Wednesday, like every day is a choice.  We can choose to worship, to lay down what the world would see as valuable and concentrate on Christ.  Or we can choose to deny, to betray, to wait, to simply stay still, to become nothing.  What use is silver that cannot be spent, or empty words lacking motion?

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Notes In The Rests

Notes In the rests  

I remember being angry.  It is not an anger at one certain thing just anger.  Perhaps it was a build up, or maybe just empty teenage angst.  But I wasn’t even a teena4d165abc3771eb83856405991cf12ac7ger so that couldn’t have been it.  It was just anger, rage, hostility towards everything and a serious lack of understanding of the world.  It felt like a cauldron trying to bo
il over and out onto everything.  Passion begged for release of some kind.  A canvas couldn’t take it, paint just wasn’t meant for the type of emotion this was.  Colors just don’t convey concisely what this was.  Deep, deep down something wanted out, an expression was required to heal whatever wound was concealed.  Words may fail but perhaps the best way of describing it is that somewhere in the recesses of my humanity i felt abandoned, alone, separated.  That’s a better word, separated.  Separated from the biggest need of my soul and inner being.  And that separation manifested itself in anger at everything in the world.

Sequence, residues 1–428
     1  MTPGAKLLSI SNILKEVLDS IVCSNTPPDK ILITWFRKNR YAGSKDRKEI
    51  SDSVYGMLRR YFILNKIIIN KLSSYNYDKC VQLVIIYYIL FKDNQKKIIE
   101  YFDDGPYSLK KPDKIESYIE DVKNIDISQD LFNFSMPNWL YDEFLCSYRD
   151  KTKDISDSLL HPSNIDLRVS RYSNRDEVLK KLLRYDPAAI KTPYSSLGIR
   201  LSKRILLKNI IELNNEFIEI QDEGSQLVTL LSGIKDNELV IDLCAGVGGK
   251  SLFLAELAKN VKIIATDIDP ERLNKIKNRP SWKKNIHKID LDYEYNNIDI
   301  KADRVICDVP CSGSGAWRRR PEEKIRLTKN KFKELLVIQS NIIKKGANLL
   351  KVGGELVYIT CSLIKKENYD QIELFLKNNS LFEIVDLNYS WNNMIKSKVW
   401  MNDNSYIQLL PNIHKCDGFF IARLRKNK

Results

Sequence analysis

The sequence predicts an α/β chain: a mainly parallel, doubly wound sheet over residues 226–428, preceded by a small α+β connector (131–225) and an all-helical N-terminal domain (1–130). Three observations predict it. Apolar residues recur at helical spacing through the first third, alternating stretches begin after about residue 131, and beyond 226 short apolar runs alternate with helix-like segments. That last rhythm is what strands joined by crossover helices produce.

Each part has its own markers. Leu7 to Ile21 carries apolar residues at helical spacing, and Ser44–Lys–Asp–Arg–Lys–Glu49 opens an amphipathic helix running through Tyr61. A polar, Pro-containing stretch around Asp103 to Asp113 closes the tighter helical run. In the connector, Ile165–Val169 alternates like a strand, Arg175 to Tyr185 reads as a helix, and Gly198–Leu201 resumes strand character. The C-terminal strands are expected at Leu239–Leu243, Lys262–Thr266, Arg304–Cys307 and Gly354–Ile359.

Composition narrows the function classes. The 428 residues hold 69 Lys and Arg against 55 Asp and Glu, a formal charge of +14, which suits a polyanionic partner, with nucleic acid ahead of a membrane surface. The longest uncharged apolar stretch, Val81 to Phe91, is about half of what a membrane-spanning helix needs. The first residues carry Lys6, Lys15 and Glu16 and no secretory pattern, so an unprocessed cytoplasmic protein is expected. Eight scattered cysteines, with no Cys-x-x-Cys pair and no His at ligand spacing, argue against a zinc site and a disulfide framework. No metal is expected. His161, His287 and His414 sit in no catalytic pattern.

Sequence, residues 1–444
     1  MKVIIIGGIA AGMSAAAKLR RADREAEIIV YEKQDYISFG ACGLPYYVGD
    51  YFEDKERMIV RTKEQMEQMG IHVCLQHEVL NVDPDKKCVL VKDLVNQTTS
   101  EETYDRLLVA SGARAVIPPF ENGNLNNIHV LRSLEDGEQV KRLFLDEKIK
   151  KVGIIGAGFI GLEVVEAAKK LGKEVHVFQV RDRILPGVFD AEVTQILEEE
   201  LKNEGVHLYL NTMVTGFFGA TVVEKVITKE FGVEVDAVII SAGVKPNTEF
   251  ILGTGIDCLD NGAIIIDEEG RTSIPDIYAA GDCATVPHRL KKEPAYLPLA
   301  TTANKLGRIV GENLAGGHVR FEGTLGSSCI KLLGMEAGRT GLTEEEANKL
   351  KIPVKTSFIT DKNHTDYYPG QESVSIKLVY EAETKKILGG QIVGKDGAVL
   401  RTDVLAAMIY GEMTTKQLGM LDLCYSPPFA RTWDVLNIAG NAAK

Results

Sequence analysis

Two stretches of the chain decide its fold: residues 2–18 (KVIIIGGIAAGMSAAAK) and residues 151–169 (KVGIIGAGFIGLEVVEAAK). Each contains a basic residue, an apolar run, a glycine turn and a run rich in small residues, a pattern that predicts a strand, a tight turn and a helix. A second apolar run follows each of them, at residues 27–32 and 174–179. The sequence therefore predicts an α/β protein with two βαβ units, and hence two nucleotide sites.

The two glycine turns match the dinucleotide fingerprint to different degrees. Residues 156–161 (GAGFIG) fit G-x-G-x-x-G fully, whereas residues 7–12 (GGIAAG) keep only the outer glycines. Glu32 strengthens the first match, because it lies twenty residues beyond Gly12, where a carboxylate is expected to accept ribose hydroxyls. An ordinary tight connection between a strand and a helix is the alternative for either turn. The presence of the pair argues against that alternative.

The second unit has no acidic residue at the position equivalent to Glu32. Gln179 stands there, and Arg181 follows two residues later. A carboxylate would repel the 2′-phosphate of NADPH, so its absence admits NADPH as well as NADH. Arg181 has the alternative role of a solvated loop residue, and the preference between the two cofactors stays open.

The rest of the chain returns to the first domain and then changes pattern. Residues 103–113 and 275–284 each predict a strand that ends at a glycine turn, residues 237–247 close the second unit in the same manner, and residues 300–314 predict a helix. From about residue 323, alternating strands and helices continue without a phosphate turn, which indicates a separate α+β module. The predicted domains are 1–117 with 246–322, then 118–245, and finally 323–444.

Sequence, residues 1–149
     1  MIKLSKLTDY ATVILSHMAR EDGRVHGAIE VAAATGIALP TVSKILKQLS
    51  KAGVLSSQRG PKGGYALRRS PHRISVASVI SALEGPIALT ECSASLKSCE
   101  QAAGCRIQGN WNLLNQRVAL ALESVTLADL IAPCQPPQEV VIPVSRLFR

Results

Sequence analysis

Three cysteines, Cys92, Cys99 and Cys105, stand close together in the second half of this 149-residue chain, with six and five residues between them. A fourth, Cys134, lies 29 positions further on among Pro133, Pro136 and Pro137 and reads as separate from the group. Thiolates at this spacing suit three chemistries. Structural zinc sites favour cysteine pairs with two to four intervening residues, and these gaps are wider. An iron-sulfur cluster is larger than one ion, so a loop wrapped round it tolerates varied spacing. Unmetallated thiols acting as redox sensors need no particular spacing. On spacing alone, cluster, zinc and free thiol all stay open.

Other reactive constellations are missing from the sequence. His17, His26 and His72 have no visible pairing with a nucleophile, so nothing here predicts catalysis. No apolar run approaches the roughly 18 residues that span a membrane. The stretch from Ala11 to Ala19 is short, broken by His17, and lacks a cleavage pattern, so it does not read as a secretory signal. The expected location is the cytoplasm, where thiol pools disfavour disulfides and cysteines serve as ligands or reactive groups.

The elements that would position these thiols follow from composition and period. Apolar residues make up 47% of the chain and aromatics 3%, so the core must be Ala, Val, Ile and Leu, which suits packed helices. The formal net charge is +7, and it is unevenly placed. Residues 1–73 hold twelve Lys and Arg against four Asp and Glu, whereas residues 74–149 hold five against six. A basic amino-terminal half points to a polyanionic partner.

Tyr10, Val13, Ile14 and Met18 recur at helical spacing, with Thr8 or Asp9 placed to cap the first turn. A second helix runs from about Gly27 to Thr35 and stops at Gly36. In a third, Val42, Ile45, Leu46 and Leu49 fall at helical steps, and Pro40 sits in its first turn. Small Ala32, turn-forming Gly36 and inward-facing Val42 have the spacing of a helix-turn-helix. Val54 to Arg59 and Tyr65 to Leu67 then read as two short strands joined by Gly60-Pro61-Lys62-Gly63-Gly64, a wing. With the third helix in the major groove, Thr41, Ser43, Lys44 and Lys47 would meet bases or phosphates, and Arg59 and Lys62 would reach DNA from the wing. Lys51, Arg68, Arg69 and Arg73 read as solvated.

I can vividly remember the first day I picked up a guitar.  It was not a day for good music resembling anything other than simple noise and nonsense.  An chaotic barrage of senseless notes and half tones amidst the pain of soft skin on nickel strings.  Yet, there was an electricity  that flowed between hand and instrument.  I have always been a musician.  It started with blowing on random horns laying around the house, a Yamaha “keytar” my uncle gave me.  Then it moved to Trombone, then Saxophone.  And when I was 14 for Christmas my parents gave me a guitar. It was a black electric guitar complete and an amplifier to go with it.  It had been several years since my hands had touched that first guitar (my first experience had been when I found another uncles old acoustic underneath a bed at my grandmother’s).  When I took “her” out of the case my hand and arm felt complete.  yes its sounds stupid, or corny or made up, but it seriously felt that way.  As I learned to play, suddenly that rage that had been down low became something else.  It became longing, it became passion, expression, and desire.  It wasn’t until I had “Jolene” that I truly understood music on a deep level, and I’m still learning what it is(yes my guitar has a name, they all have names).